There’s also much to be proud of in FE. We are on target to support 2 million apprentices over this Parliament. Colleges currently educate around 177,000 students at higher levels – offering many people the chance to live and study locally, and on a flexible, part-time basis. And, in a major success for our international education strategy, UK education providers have just won 4 contracts worth £850 million to establish 12 technical and vocational training colleges in Saudi Arabia. There is also plenty of innovative provision: the construction school at Hull college, which I visited last year, whose apprentices refurbish derelict housing to provide accommodation for families on low incomes; the Aviation Academy at Leeds Bradford International Airport, offering qualifications from Level 2 diplomas to a BSc in air transport management; Gateshead College’s simulated work facility located on-site at Nissan.
When I came into office in 2010, the one specific spending cut already pencilled in was for FE and training. While it didn’t make us popular, our decision to reform HE funding has not only strengthened the position of universities but – just as important, it freed up resources to support priority areas in FE such as basic skills and apprenticeships. We have also invested in the FE estate to the tune of almost £1.7 billion, enabling over 1,000 constructions and refurbishment projects across the country worth over £2.5 billion.
Nevertheless, serious weaknesses remain. High-level vocational training has fallen through the gap between our HE and FE systems, as I’ve already highlighted; relative to other countries, we are way behind where we need to be. Beyond that, it has to be said that funding for colleges, unlike that for universities, has shrunk. Allocations to colleges will have fallen by nearly a fifth in real terms by the end of this Parliament, while learner numbers have stayed near constant. Moreover, our further education system has become concentrated at low levels of training. For adults, the FE that government supports is geared more to addressing failures of the school system than meeting the requirements of employers. In such circumstances, it is far harder to, in Crosland’s words, “achieve the diversity in higher education which contemporary society needs.” Nor can we sensibly hope to achieve greater parity of esteem between HE and FE if students in the respective systems don’t enjoy parity in terms of resources.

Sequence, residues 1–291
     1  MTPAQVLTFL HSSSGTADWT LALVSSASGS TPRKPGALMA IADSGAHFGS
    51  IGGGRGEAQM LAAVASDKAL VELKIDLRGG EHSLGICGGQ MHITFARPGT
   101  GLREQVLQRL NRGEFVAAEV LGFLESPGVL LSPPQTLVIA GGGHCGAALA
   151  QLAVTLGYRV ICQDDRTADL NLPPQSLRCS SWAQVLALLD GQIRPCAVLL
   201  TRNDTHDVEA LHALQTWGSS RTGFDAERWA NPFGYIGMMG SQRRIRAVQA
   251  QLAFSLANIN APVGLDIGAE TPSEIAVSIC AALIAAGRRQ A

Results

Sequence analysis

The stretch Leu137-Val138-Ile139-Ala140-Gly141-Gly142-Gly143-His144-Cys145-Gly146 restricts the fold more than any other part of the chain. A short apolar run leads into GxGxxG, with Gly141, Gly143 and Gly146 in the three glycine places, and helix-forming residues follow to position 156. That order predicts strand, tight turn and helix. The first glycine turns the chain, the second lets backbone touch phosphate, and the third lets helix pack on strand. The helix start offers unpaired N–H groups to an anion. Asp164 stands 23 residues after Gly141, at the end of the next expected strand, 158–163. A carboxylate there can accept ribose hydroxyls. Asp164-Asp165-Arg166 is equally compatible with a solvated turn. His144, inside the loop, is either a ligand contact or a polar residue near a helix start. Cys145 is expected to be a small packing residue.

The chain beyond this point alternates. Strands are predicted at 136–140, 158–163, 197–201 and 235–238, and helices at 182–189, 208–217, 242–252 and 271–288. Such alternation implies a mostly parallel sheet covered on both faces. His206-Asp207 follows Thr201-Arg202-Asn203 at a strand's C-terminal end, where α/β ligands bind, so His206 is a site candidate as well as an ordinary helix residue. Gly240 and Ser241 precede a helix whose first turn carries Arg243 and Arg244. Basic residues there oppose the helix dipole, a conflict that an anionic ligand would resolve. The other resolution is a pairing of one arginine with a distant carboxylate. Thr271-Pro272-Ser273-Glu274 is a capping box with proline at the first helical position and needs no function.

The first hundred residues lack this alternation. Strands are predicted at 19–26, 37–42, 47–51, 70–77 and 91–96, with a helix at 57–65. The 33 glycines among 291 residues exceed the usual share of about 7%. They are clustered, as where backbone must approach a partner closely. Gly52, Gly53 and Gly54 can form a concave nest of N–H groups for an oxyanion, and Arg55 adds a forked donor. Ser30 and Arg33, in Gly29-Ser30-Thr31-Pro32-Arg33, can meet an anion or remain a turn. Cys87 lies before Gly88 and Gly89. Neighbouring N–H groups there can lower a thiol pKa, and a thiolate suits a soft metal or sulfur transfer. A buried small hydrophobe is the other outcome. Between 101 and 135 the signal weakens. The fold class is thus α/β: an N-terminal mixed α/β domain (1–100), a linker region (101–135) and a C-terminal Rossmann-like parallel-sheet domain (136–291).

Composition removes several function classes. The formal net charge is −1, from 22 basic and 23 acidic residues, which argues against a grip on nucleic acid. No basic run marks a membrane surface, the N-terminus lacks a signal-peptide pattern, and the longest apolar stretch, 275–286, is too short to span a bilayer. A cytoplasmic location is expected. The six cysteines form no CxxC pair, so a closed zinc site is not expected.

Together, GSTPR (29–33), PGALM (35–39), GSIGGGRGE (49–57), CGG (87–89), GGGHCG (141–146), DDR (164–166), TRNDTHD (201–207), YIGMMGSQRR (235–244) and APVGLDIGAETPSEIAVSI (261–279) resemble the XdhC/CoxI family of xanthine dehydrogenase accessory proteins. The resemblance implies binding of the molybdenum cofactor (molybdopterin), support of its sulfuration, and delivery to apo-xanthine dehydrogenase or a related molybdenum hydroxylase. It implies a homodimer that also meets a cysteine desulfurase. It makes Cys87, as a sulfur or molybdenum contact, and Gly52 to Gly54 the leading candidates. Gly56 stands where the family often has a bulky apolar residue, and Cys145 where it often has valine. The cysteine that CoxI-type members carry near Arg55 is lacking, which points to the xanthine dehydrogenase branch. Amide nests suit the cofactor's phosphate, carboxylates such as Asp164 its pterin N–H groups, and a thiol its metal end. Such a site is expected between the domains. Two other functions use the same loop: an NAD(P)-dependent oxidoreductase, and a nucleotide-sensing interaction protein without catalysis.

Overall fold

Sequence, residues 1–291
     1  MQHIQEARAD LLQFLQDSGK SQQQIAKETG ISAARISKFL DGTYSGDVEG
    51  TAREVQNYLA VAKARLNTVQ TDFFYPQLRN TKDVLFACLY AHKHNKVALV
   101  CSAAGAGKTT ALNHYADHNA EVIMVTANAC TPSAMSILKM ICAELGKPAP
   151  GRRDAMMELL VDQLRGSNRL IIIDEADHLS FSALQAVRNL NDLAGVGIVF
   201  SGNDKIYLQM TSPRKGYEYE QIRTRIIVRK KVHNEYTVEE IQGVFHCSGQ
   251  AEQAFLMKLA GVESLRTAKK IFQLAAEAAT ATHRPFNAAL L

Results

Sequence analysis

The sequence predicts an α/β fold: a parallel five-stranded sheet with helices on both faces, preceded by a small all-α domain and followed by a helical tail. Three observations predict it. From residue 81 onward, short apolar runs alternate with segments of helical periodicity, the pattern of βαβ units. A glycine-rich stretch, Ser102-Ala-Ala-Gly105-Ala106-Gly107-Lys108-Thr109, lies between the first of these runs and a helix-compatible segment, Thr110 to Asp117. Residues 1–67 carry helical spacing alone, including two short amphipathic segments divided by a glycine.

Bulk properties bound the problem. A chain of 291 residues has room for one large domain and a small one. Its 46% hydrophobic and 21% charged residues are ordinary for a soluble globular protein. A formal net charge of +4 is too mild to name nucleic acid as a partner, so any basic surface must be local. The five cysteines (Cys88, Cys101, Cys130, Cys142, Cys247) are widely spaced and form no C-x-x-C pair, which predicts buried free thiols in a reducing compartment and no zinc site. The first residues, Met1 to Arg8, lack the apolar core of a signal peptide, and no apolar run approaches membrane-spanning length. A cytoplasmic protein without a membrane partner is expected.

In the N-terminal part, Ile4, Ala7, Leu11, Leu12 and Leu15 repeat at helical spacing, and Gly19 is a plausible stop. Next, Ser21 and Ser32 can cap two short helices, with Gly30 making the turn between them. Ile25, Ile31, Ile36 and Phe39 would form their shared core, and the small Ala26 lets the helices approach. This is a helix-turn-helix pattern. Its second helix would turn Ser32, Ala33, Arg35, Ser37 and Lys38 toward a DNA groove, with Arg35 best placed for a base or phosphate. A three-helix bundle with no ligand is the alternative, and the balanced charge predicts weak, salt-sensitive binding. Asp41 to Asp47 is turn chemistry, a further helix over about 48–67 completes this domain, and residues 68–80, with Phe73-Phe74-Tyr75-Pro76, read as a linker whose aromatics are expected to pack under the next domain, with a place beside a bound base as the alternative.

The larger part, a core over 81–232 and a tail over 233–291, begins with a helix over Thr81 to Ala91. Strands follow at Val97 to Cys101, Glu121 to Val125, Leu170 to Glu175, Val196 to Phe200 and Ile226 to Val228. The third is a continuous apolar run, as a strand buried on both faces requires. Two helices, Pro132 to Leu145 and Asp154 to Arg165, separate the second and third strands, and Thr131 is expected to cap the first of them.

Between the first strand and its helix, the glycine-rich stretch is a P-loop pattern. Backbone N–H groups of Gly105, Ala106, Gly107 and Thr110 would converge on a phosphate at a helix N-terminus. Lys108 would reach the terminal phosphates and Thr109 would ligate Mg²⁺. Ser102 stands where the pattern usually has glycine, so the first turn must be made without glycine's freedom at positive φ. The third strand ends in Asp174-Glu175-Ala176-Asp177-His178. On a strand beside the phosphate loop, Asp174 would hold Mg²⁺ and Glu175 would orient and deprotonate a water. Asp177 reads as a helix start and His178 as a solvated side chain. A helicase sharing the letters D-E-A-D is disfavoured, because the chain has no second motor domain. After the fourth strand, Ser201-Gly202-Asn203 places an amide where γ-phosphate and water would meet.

So what should we do? I want to suggest a number of ways forward – some new, others already in train.
First, we need to fill that high-level vocational gap. Today, I want to set out the vision for a new generation of National Colleges: specialised institutions, acting as national centres of expertise, in key areas of the economy. They will be employer-focused, and combine academic knowledge with practical application.
We have already announced funding for 2 of these institutions. One is associated with High Speed 2, and will meet the needs of this major project as well as the wider rail industry. The other is the training facility – receiving £18 million of public investment – that’s destined for the Manufacturing Technology Centre in Coventry, where apprentices will get to qualify as incorporated engineers, there will opportunities for international secondments and progression to full degrees, and engineering graduates will earn chartered status.
In the near future, we will be publishing a National Colleges launch document, where we will invite employers in other key sectors to approach us with their ideas. Where there is evidence of a shortage in higher vocational skills, and employers are willing to invest time and resources to address it, then the government will invest alongside you. We want to hear from interested employers and we aim to announce the next set of National Colleges by the end of the year.
A second means to tackle the shortage of higher vocational skills is already available. Higher apprenticeships are an important solution to the sub-degree gap, and there are already some superb schemes, for which entry is as competitive as getting into Cambridge. Rolls Royce higher apprenticeships in engineering, for instance, take nearly 4 years and include degrees from the University of Warwick. Apprentices at Jaguar Land Rover can expect to be earning around £32,000 by the time they finish their course; they also collect a Warwick degree.